This little fixer-upper is conveniently located on Harris Avenue between the the Mall and Dusk. From the Providence Preservation Society’s Most Endangered Property List for 2023: An extension constructed in the 1920s, it originally was the Standardized Wholesale Liquors Co. building. Its location makes for a distinctive shape, notable for an oversized and recessed opening […]
providence preservation society
New to the Providence Preservation Society’s Most Endangered Properties List this year is the Providence Gas Purifier House. Most recently, the first floor of this imposing brick pile on Allens Avenue housed Sin Desserts (since relocated to Westminster Street). Built in 1899, the Purifier House originally served the process of coal burning gas production for
The Providence Preservation Society (PPS) has issued its 2022 Most Endangered Properties List with some first-time entries like the Tockwotton Fox Point Cape Verdean Community and the Urban League of Rhode Island building, as well as some perennials like the Superman Building, the Broad Street Synagogue, and the Cathedral of St. John. In the spotlight
(9.10) Sounds like the Providence Preservation Society has been cleaning out the attic. The result is this one-of-a-kind art sale: We will be selling a variety of art from our archives (like vintage Festival of Historic Houses posters and photographs from our 20th anniversary MEP retrospective) plus other items like books, craft supplies and more!
The City Plan Commission will be holding a public information meeting in August for a major land development project in Wayland Square on the site of the former funeral home at 230 Waterman Street. The proposal includes demolition of the existing 1892 building (unprotected because it is not part of a local historic district) and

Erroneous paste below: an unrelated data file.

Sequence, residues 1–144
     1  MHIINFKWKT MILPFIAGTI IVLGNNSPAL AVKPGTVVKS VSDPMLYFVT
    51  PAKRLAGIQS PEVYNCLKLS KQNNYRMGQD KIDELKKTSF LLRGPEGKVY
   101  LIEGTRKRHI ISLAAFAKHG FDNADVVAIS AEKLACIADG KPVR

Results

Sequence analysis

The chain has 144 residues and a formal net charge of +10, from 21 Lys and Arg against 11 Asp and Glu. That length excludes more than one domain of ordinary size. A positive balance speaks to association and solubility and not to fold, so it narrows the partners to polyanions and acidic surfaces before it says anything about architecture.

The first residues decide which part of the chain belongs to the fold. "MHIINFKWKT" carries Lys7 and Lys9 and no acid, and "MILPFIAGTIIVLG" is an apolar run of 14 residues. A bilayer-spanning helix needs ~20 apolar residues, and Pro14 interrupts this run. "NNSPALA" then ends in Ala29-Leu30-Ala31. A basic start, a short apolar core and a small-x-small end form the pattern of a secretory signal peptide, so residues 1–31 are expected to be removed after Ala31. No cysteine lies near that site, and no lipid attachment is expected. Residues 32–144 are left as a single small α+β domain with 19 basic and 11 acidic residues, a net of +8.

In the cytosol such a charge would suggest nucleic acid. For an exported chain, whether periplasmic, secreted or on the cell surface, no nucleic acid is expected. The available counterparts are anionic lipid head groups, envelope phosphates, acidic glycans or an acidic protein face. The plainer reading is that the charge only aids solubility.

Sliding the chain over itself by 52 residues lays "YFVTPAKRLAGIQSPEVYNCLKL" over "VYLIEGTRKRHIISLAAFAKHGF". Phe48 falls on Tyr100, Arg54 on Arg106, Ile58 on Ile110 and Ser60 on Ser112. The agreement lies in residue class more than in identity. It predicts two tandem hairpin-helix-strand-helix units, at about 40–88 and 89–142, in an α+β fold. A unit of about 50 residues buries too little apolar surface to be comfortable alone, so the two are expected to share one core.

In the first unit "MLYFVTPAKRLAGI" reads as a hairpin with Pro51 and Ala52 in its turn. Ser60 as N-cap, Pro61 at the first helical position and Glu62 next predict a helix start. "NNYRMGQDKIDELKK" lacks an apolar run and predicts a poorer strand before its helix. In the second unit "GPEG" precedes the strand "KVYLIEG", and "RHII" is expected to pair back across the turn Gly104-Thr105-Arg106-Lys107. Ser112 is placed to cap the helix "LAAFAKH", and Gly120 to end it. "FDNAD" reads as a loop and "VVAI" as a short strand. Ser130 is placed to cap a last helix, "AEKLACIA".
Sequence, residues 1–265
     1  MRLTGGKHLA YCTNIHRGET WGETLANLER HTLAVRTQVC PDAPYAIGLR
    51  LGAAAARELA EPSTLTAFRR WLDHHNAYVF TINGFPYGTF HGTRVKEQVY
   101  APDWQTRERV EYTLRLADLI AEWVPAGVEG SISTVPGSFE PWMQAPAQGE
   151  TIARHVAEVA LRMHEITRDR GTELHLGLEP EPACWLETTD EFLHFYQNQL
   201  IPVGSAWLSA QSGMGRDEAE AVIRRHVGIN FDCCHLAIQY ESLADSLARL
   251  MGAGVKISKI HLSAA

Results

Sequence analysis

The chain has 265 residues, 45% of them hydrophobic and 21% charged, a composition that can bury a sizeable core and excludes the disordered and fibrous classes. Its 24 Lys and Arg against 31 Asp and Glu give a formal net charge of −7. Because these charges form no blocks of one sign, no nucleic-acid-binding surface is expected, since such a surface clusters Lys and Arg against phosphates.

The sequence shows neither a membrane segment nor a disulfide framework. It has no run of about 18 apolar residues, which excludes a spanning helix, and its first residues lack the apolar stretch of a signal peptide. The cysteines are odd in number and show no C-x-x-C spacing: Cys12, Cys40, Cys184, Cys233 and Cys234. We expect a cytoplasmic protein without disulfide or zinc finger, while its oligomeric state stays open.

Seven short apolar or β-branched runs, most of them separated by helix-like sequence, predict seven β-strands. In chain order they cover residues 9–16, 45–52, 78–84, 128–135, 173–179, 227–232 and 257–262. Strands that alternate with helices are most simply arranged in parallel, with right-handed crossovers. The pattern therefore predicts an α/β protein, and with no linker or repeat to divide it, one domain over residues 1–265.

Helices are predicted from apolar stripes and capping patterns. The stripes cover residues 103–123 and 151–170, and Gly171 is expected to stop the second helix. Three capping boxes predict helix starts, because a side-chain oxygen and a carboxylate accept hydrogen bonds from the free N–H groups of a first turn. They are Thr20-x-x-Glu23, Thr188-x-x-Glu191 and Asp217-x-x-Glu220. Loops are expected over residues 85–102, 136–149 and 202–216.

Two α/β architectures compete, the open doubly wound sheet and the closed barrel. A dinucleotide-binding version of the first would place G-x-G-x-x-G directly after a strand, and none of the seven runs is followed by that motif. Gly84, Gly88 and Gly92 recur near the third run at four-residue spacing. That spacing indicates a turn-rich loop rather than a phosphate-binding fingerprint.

Every year the Providence Preservation Society (PPS) solicits nominations for its Most Endangered Properties List from the general public. They may have missed a gem in your neighborhood. Each year, the Providence Preservation Society seeks nominations from the public for our Most Endangered Properties list. Our annual list draws attention to buildings and places great
New this year — the Babcock House at 145 Lexington Avenue. The annual Providence Preservation Society (PPS) has issued its latest Most Endangered Properties List and while it includes some stubborn old repeats, it is heartening to note that a few past perennials are now success stories*. Seen here is the William R. Babcock II
Suppose you had to tear down one of these buildings, which would it be? Don’t worry, the Sci-Li Building is not actually on the chopping block . . . that we know of. But Cushing House is. We wrote about the proposed demolitions last February when the threat to Brown’s Urban Environmental Lab first sparked
How is this possible? New to the Providence Preservation Society’s Most Endangered Properties List is the Welcome Arnold House on Planet Street off Benefit. The PPS site has several views of the house. Given its location, it’s incredible that this wasn’t scooped up and restored years ago. The Welcome Arnold House was built in 1785
Ideas anybody? Having made its debut 20 years ago, and clearly not painted since, the Esek Hopkins House at 97 Admiral Street is once again on the Providence Preservation Society’s Most Endangered Property List. Location, location, location: The 7-acre homestead is situated in a no-man’s land across Route 146 sort of behind the main post
A second installment from the Providence Preservation Society’s 2010 Most Endangered Properties series — the old Temple Beth El at 688 Broad Street (1910-1911). Like the previously discussed Atlantic Mills Towers it suffers from being a hulking pile in a difficult location (in a more than difficult economy). What can be done with this thing?
Providence Preservation Society’s 5th Winter Bash Saturday February 9, 2008 8 pm to midnight American Locomotive Works (ALCO) 555 Valley Street Come join the Providence Preservation Society for its 5th Annual Winter Bash! Highlighting preservation and rehabilitation of the city’s historic resources. Featuring live music by the Cusacks, creative hors d’oeuvres, and full cash bar.